Warm water is typically set to around 90-110ºF. It’s a good compromise between hot and cold water.

Warm water is also perfect for those fabrics you’re not quite sure about – those that aren’t quite delicate, but you don’t want to risk hot water on them, either.

I always recommend reading the care label of your clothes before washing them. Some fabrics, such as wool, can still be too delicate for warm water.

While warm water is not as energy-efficient as cold water, it still gets the job done without using excessive amounts of energy.

Cold Water

My usual advice is to use cold water for delicate fabrics and bright-colored items that can easily shrink.

Typically, the temperature of cold water in a washing machine ranges from 60ºF to 80ºF.

Selecting the “Cold” temperature setting means your washer doesn’t have to use extra energy to heat water, which can help you save some extra bucks on your energy bill. Using cold water is also a great way to lower your carbon footprint and take care of the environment.

However, it’s important to keep in mind that cold water is not as effective as hot water when it comes to removing tough stains, such as oil, grease, or makeup.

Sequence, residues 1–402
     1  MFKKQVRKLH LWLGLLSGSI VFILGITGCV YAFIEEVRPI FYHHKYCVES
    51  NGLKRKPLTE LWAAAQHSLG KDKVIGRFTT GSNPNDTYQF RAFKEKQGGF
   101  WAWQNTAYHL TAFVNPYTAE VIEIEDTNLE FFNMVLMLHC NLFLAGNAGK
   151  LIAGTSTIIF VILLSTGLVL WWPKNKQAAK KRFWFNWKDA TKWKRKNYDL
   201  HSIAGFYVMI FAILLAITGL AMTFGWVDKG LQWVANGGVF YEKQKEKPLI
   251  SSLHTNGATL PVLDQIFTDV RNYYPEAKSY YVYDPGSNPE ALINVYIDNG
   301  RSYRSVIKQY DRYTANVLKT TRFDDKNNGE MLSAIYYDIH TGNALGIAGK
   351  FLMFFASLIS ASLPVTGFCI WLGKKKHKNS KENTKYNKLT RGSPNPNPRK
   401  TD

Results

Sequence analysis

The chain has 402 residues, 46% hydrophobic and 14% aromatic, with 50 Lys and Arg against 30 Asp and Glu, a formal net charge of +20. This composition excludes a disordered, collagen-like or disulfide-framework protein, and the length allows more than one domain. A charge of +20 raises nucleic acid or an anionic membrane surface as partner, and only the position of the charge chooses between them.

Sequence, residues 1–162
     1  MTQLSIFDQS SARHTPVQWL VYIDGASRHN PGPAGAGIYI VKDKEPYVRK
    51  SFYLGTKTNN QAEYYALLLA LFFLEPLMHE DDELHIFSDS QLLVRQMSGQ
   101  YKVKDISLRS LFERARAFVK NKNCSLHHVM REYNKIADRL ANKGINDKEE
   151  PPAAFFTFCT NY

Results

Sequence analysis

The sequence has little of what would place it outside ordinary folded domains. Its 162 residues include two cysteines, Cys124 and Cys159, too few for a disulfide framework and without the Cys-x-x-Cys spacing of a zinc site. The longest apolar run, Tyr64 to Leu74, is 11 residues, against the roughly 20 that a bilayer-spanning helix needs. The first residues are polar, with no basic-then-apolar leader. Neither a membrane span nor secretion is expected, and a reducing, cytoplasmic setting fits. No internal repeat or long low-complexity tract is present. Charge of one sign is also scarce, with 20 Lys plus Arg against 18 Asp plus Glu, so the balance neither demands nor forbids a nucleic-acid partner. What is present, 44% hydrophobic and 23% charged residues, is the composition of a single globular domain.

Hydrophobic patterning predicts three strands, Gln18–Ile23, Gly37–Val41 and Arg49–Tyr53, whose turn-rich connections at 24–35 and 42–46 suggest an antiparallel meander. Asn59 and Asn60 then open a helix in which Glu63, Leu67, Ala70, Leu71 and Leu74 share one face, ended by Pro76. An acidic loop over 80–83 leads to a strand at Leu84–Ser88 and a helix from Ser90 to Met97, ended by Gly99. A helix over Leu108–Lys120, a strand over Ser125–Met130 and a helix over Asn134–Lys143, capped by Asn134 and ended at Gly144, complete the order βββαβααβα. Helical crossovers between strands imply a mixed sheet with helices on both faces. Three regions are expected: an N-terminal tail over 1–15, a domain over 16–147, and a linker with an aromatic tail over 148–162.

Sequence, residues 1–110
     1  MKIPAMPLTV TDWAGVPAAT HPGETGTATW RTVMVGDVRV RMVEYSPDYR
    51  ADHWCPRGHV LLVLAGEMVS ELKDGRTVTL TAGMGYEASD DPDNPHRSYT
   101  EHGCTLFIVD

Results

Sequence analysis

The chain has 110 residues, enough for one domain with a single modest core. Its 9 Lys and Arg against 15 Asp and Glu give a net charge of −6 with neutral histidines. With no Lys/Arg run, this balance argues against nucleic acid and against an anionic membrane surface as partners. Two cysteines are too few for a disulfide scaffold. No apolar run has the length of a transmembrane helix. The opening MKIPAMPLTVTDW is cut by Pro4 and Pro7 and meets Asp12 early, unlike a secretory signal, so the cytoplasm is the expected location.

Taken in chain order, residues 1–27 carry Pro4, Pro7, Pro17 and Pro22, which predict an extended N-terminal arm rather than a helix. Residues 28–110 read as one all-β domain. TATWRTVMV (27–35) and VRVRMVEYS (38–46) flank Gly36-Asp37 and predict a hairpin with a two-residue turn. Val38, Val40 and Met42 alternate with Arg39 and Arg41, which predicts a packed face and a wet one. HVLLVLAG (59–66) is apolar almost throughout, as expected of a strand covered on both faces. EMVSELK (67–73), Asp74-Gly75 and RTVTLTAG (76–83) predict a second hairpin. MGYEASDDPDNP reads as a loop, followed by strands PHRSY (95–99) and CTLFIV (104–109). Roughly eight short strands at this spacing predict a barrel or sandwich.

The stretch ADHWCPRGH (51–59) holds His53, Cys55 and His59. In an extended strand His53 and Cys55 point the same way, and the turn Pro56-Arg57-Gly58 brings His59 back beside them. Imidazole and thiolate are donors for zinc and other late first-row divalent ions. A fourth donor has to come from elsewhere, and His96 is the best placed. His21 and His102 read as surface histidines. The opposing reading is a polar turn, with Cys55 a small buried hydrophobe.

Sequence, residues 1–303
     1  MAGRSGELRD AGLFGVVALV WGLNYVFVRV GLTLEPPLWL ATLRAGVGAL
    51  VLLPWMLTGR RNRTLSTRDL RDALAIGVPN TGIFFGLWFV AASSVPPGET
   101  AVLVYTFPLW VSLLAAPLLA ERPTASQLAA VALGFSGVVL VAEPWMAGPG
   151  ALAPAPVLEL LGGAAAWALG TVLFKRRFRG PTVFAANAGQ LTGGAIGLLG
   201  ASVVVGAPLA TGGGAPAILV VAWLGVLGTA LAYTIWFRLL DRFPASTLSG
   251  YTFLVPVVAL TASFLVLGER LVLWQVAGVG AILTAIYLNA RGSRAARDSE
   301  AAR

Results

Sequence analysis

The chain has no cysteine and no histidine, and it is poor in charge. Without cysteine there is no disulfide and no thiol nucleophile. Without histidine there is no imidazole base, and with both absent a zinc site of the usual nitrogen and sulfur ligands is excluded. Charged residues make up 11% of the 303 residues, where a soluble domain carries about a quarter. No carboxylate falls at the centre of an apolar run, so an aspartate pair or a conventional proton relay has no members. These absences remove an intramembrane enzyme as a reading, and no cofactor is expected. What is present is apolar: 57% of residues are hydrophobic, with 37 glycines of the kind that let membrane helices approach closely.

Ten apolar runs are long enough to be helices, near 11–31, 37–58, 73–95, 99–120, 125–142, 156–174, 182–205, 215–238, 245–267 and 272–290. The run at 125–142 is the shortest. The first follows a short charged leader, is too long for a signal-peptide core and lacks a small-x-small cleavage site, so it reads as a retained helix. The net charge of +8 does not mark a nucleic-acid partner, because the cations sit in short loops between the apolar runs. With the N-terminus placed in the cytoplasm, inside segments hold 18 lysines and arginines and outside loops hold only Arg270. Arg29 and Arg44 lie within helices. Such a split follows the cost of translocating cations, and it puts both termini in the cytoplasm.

So, while cold water is great for delicate, dark, and bright clothes, you’ll need to select a higher temperature for particularly soiled items.

Tips to Choose the Right Washer Temperature

Now that you’ve gone through this washer temperature guide, it’s time to delve into some specific tips that will help you choose the perfect water temperature for your clothes every time.

#1 Read the Care Label on Your Clothes

In my experience, the best way to ensure you’re using the right washer temperature is by reading the care label on your clothes.

Care labels have many symbols that can be tricky to understand. But don’t worry, I’ve got you covered! Here’s what they mean:

Fabric care label symbols explained
Check the fabric care labels before putting your clothes in the washer to select the right water temperature.

From what I’ve seen, the care label is typically located on the side seam or near the garment’s collar. Check the temperature symbols and pay attention to any special instructions.

You see, some care labels will instruct you to wash that specific item separately or with similar colors, which can influence your choice of water temperature.

#2 Sort Laundry By Fabric Type

The next step in ensuring you’re using the right washer temperature is to sort your laundry by fabric type.

I know it can be tempting to save time and energy by washing all your clothes together. However, it can actually do more harm than good.

Imagine washing your favorite silk blouse with denim jeans – that’s a recipe for disaster!

So, after you’ve checked the care labels, gather as many clothes of the same fabric as possible to complete a full load, aiming to keep your washer at 75% of its capacity. This way, you’ll protect your clothes and avoid wasting water and damaging your machine.